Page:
1992 / 10月
Chang Chung-fang /photos courtesy of Diago Chiu /tr. by Jonathan Barnard
In the 365 days of a year, over 10,000 international trade shows are held all over the world. Attracting international industrialists and buyers so that a show stands out in the crowd is the great hope of all the sponsoring organizations.
The biennial Taipei International Fair has been characterized as the best place to expand trade and develop markets.
The third Taipei International Fair was over at the end of August. This is the largest of the nation's trade shows, designed to display the general commercial products of all of the world's developing countries. Although it has only been held three times since its first show in 1988, it has already acquired quite a name for itself internationally.
Friends from afar: This time more than 1,600 companies from 64 countries on five continents participated, a growth of 36.2 percent over the previous exhibition. The delegations of the participating countries are also growing: 125 people came from Vietnam, 76 from Greece and 60 from Mexico. The participation of such Eastern European countries as Belarus, Russia, Ukraine and the three small Baltic states also made the fair special. Even Ethiopia of Africa and Yemen of the Middle East sent delegations.
And this increase occurred despite a decision by the fair's sponsor, the China External Trade Development Council (CETRA), to collect fees (such as location fees and equipment fees) for services that had previously been free. "You can't get a free lunch anywhere," says CETRA's secretary general Liu Ting-tsu. First of all, the exhibition has already made a name for itself, he analyzes, so people won't be turned off by reasonable fees. Secondly, participants think that if the sponsoring organization dares to charge a fee, it must do a good job of putting on the fair. "And fees are charged in the hope that the participants, because they have to pay fees, will be more deliberate in their preparations and raise the quality of the fair," he explains.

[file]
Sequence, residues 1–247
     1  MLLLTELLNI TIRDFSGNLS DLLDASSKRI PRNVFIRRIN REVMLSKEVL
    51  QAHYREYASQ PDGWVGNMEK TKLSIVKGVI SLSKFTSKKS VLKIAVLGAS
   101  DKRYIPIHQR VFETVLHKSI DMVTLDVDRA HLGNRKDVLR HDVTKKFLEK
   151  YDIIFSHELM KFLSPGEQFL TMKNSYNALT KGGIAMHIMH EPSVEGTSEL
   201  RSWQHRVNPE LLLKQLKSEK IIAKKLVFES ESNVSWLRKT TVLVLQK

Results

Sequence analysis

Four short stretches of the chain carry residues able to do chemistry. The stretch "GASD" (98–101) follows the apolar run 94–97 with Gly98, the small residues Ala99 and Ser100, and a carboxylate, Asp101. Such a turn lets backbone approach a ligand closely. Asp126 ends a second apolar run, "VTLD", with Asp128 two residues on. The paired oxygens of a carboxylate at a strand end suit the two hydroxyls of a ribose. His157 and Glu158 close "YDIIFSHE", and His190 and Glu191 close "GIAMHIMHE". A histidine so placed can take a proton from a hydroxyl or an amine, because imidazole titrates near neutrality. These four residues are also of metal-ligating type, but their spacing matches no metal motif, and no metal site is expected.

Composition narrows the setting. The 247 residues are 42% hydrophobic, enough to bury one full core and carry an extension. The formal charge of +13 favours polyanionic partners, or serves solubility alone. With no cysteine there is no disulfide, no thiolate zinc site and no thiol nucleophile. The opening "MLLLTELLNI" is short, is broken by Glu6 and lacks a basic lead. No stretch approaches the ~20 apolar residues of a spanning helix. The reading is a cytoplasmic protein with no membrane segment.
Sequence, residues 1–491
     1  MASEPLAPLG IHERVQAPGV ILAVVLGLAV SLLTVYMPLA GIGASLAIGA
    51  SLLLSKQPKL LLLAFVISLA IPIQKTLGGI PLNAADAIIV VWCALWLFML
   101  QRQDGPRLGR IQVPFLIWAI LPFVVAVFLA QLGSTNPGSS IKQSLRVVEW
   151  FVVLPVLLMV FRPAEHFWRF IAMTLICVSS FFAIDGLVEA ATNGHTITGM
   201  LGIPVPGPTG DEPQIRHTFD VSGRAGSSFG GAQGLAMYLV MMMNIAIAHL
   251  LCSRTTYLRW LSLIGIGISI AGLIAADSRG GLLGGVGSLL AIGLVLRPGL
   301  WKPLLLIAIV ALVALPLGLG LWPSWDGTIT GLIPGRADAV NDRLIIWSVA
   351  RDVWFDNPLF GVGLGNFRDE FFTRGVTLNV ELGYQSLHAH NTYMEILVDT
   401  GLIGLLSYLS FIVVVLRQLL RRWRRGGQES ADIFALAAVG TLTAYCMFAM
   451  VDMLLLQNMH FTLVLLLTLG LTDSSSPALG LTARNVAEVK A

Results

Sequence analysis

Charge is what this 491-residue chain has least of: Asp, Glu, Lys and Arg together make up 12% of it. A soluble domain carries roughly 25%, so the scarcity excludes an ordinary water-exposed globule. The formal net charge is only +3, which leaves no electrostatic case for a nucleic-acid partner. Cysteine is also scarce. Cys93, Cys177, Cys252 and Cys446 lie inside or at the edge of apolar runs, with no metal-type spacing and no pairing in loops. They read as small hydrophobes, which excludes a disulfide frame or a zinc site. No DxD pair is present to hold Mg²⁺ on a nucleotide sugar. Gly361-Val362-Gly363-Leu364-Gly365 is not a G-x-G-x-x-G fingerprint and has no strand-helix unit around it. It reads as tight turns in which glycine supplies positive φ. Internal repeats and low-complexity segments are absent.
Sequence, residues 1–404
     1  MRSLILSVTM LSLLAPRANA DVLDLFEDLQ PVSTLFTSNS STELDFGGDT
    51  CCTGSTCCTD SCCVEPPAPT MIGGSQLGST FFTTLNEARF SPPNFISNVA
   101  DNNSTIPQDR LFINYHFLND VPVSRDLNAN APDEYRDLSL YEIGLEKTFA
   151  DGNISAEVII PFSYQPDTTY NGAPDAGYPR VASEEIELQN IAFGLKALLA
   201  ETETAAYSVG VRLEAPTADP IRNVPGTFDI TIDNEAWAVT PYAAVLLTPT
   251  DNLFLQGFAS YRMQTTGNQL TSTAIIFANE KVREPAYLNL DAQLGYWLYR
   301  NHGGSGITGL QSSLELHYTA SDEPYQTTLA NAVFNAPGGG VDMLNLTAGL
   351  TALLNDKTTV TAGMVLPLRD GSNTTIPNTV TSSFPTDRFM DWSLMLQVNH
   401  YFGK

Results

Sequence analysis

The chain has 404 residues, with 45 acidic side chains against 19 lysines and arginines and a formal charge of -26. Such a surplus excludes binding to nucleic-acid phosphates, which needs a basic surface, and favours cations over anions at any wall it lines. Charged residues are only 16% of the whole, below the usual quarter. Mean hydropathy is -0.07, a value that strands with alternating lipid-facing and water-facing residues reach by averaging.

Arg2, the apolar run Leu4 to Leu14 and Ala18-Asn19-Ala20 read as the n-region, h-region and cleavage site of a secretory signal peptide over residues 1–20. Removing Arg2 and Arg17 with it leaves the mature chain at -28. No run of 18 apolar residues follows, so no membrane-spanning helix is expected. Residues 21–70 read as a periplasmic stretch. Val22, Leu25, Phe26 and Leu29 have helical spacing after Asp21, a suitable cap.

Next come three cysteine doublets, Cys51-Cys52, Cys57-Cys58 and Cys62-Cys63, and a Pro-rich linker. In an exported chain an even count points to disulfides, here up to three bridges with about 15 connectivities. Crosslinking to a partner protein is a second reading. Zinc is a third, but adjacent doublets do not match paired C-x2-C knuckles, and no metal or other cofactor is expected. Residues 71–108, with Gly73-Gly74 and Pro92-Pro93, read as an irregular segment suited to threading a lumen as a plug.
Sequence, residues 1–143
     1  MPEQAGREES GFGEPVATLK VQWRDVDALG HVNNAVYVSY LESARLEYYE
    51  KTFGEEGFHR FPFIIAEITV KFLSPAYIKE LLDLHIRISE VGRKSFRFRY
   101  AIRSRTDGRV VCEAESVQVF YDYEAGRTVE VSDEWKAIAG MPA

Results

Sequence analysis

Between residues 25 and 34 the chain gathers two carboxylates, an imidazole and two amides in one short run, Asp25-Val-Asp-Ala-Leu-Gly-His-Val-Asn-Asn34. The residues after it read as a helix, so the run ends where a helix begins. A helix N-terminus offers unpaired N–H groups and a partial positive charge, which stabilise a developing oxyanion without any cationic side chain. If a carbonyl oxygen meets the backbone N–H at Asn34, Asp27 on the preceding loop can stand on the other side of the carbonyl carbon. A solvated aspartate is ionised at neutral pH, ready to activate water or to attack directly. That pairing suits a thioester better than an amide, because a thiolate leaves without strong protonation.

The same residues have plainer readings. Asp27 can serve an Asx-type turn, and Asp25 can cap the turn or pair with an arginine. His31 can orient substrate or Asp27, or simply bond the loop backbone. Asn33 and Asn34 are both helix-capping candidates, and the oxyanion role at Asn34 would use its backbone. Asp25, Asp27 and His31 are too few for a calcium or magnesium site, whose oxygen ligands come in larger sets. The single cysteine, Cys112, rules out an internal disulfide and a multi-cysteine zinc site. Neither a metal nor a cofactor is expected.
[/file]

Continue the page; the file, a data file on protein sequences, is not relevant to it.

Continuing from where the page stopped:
With the single purpose of promoting the development of the developing countries, the Taipei International Fair, which helps these countries expand their markets, is quite special among all the large and small international shows put on around the world. Currently, only the Berlin Import Fair resembles the Taipei International Fair in its basic nature.
Tsai Feng-ming, who has served for five straight years as the head of the Taiwan delegation to the Berlin Import Fair and who served as trip coordinator this last year as well, points out that Taiwan has been sending delegations to the Berlin Import Fair for 29 years--ever since its second year. "It could be said that we have been participating longer at Berlin than at any of the other fairs to which we go to expand our markets." The Berlin Fair is huge: Over l,000 manufacturers from 70 to 80 countries can be found in its ten halls. And over 90 percent of the manufacturers that attend the Taipei International Fair also attend the Berlin Import Fair. The two fairs are really much alike.
It's trade and exchange: The size and history of the Berlin Import Fair well exceed the R.O.C.'s Taipei International Fair, and while the German fair purports to be designed for developing countries, advanced countries such as the United States and Japan still attend. In the R.O.C. fair, however, only developing countries are allowed to participate.
"Many developing countries believe that the Taipei International Fair does a better job of meeting their needs because our level of development is closer to theirs," explains Liu Ting-tsu. "As far as they are concerned, the level of the German market is too high."
What's more, the Berlin Import Fair only allows buyers into the grounds--it's all so very professional. The R.O.C. exhibition, on the other hand, allows entry to the general public. It's closer in nature to an exposition like World Expo.
"R.O.C. citizens previously had next to no knowledge of many of the participating countries with which the R.O.C. had never had any contact -- like Ethiopia, Ukraine and Latvia. Now they can take advantage of this opportunity to look at the people and the products of these nations and add to their understanding," says Liu. This is an excellent educational opportunity.
Besides their similarities, the Berlin Import Fair and Taipei International Fair are also notable for their origins.